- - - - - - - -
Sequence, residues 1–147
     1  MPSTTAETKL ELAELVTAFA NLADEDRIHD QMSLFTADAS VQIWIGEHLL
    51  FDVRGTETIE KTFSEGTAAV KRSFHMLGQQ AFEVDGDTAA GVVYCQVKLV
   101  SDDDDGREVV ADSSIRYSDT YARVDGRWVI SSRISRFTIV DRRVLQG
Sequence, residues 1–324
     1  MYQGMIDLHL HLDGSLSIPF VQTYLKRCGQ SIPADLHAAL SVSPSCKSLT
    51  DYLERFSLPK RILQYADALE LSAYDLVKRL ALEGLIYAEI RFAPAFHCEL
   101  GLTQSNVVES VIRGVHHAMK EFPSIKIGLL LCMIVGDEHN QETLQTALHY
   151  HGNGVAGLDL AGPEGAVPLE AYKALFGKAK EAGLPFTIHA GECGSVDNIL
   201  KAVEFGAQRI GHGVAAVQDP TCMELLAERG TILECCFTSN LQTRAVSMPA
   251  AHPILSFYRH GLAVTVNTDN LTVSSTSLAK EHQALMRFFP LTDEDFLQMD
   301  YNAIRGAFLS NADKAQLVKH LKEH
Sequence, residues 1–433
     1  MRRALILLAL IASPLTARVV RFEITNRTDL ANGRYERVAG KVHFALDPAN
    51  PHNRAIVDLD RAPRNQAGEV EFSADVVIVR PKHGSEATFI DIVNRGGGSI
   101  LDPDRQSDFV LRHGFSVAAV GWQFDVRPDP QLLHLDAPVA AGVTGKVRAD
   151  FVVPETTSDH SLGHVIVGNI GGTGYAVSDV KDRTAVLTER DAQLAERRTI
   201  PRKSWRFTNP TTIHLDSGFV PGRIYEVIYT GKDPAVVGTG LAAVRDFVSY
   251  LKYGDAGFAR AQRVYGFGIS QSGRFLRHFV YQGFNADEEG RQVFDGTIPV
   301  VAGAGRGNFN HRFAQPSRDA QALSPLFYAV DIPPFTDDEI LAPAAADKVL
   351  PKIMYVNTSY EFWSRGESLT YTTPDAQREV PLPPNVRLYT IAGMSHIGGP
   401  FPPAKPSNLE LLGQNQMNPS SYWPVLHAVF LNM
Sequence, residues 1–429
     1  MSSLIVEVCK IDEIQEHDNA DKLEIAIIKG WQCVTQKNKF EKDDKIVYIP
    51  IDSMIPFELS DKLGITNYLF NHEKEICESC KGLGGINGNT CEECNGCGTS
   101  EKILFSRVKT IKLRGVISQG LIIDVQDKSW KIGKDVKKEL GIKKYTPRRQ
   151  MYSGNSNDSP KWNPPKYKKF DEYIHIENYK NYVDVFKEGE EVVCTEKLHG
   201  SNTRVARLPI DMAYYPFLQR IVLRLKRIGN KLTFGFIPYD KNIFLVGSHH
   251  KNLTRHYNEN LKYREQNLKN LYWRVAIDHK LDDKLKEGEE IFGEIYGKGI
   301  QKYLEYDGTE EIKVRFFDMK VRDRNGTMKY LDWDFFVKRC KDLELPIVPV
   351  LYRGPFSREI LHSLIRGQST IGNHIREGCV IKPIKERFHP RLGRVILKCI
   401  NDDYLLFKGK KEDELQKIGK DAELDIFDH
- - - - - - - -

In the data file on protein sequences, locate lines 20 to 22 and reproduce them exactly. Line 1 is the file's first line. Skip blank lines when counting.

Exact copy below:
   301  VAGAGRGNFN HRFAQPSRDA QALSPLFYAV DIPPFTDDEI LAPAAADKVL
   351  PKIMYVNTSY EFWSRGESLT YTTPDAQREV PLPPNVRLYT IAGMSHIGGP
   401  FPPAKPSNLE LLGQNQMNPS SYWPVLHAVF LNM